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Interaction of persons with disabilities and disaster warnings

Friday 19 May 2023 | Written by Melina Etches | Published in Local, National


Interaction of persons with disabilities and disaster warnings
Participants at the community-based workshop which focused on the interaction of disability and disaster. MELINA ETCHES/23051825

A workshop designed to bring people with different impairments – hearing, seeing, walking, talking, thinking and self-care – together to understand their experiences of an emergency disaster, was held yesterday at the Ruaau Meeting House.

The community-based workshop which focused on the interaction of disability and disaster was presented in Maori and English and sign language so people with different disabilities could feel comfortable in participating in a way which was best for them.

Funded by the Ministry of Foreign Affairs, the project is managed by the Pacific Disability Forum and was facilitated by the Office of the Ombudsman.

Rhiannon Tara, the compliance lead at the Office of the Ombudsman, said: “We are responsible for receiving complaints about discrimination on base of disability so this workshop is an opportunity for us to create some awareness within our community to what we do.”

The focus of the delivery was based on the five priority areas of: decision-making, communication, accessibility, capacity (people’s ability to know what to do in times of emergencies and knowing how to be best prepared), and warning systems.

Invitations were extended to government agencies including Emergency Management Cook Islands (EMCI) and Ministry of Internal Affairs with an interest in disability and/or disaster to provide them with an opportunity to hear from and engage with people with disabilities, said Tara.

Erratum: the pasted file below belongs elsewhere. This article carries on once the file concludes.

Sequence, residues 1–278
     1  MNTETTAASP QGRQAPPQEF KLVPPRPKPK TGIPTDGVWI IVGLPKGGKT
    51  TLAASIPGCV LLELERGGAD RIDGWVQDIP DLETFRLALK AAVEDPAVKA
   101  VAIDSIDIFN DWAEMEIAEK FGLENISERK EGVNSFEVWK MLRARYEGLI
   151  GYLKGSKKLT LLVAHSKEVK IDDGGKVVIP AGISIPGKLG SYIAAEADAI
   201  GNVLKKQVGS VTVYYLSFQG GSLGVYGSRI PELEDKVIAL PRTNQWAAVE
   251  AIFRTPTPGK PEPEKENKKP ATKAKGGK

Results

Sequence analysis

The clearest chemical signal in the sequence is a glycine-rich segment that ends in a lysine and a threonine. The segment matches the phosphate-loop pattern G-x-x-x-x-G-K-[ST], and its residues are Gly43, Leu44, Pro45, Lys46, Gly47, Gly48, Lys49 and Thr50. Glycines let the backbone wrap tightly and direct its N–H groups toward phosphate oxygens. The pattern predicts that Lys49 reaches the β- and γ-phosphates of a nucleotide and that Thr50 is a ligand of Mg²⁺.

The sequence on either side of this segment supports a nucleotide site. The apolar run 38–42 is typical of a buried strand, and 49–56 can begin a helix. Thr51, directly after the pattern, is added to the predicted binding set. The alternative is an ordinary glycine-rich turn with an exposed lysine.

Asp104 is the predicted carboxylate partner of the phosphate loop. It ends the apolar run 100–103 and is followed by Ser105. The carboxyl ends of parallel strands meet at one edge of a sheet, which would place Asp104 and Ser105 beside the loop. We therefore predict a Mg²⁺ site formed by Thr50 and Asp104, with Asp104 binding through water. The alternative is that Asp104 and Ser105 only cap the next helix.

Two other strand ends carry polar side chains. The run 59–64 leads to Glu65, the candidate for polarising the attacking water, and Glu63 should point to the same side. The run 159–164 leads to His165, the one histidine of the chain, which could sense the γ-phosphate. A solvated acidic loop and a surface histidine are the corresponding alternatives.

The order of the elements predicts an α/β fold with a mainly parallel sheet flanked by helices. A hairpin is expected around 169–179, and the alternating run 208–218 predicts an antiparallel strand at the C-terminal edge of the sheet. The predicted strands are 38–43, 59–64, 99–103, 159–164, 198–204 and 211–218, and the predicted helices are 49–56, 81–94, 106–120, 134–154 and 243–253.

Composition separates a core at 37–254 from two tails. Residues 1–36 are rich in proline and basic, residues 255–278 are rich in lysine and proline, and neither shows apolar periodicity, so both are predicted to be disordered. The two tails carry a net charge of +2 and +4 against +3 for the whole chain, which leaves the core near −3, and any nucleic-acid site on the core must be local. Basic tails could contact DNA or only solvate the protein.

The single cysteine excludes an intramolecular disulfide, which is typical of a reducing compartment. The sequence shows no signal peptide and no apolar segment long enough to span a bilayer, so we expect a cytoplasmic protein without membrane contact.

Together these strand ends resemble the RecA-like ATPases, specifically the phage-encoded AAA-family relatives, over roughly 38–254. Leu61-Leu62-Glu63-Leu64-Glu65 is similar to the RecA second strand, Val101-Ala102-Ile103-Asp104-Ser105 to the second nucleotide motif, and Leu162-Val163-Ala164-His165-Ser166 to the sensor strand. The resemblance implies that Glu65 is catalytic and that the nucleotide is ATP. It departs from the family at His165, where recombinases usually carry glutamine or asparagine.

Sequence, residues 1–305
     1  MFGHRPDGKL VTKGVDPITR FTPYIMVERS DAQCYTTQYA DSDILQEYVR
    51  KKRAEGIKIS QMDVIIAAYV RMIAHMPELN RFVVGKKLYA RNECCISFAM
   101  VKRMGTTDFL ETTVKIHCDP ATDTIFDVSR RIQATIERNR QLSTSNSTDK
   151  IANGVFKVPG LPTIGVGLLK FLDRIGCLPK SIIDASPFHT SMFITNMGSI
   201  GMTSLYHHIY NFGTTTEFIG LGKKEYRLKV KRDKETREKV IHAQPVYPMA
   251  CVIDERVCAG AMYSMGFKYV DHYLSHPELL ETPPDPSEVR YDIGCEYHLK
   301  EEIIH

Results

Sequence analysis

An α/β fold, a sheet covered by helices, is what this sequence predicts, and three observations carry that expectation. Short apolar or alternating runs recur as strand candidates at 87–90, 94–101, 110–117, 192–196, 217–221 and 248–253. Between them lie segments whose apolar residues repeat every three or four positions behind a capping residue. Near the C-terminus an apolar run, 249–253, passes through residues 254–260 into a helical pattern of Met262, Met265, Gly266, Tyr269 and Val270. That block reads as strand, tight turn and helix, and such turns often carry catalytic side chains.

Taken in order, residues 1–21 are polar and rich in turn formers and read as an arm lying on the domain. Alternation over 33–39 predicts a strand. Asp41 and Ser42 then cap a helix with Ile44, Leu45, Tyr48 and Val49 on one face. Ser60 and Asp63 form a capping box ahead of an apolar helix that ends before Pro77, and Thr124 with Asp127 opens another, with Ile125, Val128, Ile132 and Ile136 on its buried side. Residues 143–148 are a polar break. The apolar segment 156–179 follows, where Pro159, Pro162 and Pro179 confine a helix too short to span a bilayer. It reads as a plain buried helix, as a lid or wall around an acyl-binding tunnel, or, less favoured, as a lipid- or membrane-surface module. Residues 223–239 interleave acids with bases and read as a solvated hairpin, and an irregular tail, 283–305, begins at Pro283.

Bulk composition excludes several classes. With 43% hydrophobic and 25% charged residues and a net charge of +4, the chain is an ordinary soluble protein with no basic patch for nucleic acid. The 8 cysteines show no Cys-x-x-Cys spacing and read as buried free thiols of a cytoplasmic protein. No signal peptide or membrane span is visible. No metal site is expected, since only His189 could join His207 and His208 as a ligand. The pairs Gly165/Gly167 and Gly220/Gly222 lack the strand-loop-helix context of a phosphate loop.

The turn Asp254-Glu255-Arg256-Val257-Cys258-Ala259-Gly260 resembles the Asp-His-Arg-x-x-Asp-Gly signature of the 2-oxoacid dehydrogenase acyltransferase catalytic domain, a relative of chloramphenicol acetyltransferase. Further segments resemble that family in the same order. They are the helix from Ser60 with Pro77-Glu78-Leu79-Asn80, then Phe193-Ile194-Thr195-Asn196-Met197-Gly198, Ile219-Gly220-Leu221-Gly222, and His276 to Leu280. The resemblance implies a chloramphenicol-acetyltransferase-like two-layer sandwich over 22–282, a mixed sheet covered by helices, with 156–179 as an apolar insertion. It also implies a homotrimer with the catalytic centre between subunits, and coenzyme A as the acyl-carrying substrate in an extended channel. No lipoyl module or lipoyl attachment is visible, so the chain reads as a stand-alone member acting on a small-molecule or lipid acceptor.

“It was also an opportunity for them to observe and practice inclusive strategies that they can use to help make their workshops more inclusive,” said Tara.

“It is important to us that the community (persons with disability) know what these agencies do, and it is an opportunity for these agencies to participate and engage with these communities.”

Over 50 people participated in the workshop, the youngest being a school student and the oldest an 84-year-old. Participants also willingly shared their experiences.

“We are proud people, we don’t like to ask for help… it’s been interesting watching people openly share,” Tara said.

John Paul Lindsay, the co-chairperson of the Cook Islands National Disability Council (CINDC), in his opening remarks said: “Today’s workshop is important because it’s all about you, it is an opportunity for you to share your experiences during times of disaster.”

“We want you to be brave and have courage to share your knowledge, to tell us about your challenges during times of disaster.

“We need to know the good things and the bad things; we can only start to fix a problem when we know that there is a problem.

“And with helping hands, happy hearts and open minds, together we can find the solutions… it is about taking responsibility, to ensure we are all safe during times of disaster.”